The fast food activity, also inspiring, presents a major challenge in how the SEIU, or any other organization aiding these efforts, builds more durable organization. OUR Walmart has been sustained: workers identify with it, they belong to something, and they meet together locally. So far the FF15 has been organized around the action, which is great, but sustaining some long-term organization that workers themselves have some influence over in a high turnover/low-wage workforce really takes some staying power. We’ll have to see if the major financial backer of the FF15, SEIU, is going to be committed to that for the long haul, or, as has often been the case with SEIU, they’ll suffer from a little ‘organizational attention deficit disorder’ and charge off in a different direction leaving some of their worker-supporters in the lurch.
AS: In my own investigation of the Fight for 15, it seems like SEIU has prioritized some cities (Milwaukee, Chicago, St. Louis, New York) and decided that the smaller cities were not really something they cared about; a lot of people seemed to get left behind. So to me, the question here is how real is the FF15 and how much is just a public relations thing?
SE: There’s a big PR element to it—that’s not necessarily bad. The campaign has clearly succeeded in creating some much needed pressure for local, state or federal minimum wage increases that would benefit workers in the sector and other low-wage workers.
It really depends, as a number of activists have concluded, on how many people get involved at the local level. Maybe they get jobs in the industry so they can organize from the inside and try to build from the bottom-up. That way it’s not entirely dependent on the millions of dollars that have been spent on it by SEIU, workers’ centers they’ve funded, or the full-time staff who have done, in many places, a very good job of mobilizing a workforce for one day strikes. This is in an industry that has long been written off as unorganizable, save for in the more isolated incidences where the Industrial Workers of the World (IWW) have done some very impressive work in Starbucks and a few other fast food outlets.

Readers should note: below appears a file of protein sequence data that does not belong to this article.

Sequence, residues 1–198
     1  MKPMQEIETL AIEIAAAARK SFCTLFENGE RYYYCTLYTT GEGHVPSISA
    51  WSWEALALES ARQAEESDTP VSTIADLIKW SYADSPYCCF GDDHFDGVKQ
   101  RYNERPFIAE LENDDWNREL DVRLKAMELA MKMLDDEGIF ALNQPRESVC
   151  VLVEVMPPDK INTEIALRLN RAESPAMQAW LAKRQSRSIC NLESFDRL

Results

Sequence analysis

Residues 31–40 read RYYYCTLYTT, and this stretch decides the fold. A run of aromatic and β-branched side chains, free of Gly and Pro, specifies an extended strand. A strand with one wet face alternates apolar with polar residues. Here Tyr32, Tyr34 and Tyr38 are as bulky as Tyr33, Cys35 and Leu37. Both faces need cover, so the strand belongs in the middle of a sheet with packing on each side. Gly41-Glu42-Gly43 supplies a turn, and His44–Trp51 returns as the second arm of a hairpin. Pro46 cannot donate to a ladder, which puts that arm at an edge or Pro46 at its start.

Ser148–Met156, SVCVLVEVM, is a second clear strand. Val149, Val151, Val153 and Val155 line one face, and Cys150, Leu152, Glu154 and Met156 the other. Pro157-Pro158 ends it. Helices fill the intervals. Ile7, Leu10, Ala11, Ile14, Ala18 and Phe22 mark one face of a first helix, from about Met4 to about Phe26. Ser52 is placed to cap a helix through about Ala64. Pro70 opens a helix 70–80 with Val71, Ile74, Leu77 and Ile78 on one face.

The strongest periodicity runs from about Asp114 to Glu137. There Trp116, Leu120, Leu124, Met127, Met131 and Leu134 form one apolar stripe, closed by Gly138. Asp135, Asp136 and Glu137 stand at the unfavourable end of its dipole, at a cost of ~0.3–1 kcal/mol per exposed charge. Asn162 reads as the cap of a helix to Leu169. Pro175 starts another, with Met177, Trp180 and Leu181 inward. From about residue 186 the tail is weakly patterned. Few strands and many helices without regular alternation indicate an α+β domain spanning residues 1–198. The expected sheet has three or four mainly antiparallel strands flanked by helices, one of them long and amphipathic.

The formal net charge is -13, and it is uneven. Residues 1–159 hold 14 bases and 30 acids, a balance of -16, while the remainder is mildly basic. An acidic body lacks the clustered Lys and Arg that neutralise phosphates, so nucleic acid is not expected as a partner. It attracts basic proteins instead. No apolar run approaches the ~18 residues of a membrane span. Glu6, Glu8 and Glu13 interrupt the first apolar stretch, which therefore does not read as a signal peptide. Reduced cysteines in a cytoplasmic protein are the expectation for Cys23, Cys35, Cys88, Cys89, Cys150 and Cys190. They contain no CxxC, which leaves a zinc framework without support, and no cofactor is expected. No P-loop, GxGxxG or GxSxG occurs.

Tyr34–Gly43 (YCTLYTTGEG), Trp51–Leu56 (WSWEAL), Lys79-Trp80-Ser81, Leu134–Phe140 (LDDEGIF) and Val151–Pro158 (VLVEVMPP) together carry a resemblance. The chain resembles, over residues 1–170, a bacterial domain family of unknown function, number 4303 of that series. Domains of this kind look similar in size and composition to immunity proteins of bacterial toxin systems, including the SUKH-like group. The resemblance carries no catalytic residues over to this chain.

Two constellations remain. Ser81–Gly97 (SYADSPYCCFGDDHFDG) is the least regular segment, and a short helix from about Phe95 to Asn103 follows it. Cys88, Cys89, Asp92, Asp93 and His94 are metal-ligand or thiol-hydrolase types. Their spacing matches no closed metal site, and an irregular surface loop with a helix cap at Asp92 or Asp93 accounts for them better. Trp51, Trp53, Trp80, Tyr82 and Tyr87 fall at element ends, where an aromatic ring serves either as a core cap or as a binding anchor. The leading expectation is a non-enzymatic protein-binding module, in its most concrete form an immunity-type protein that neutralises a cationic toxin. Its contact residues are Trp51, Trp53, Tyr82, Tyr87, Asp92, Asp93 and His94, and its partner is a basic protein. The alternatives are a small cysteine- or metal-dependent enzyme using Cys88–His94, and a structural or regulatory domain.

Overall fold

AS: Shifting onto a different topic, one of the things you end your new book, Save Our Unions, on is talking about labor’s electoral strategy and how the labor movement needs to start thinking of itself as being in a more independent position. I was wondering if you could give some of your thoughts on some of these initiatives such as the Richmond Progressive Alliance, the Vermont Workers’ Center’s political organizing and the news that the Chicago Teachers’ Union is going to be engaging in their own independent electoralism as well.
SE: Yeah, I think we have another opening of the sort that we had during the Clinton years. In the 1990’s you had a Democrat in the White House and Democrats with a lot of clout in Washington. They’re failing to enact labor law reform, they’re not really pushing the kind of health care reform that would take the issue of medical insurance off the bargaining table, and they’re pushing these job killing free trade deals. In response to that in the ‘90s, there was the first attempt to build a nationwide network of Labor Party supporters. I think we’re seeing a revival of that movement under different banners.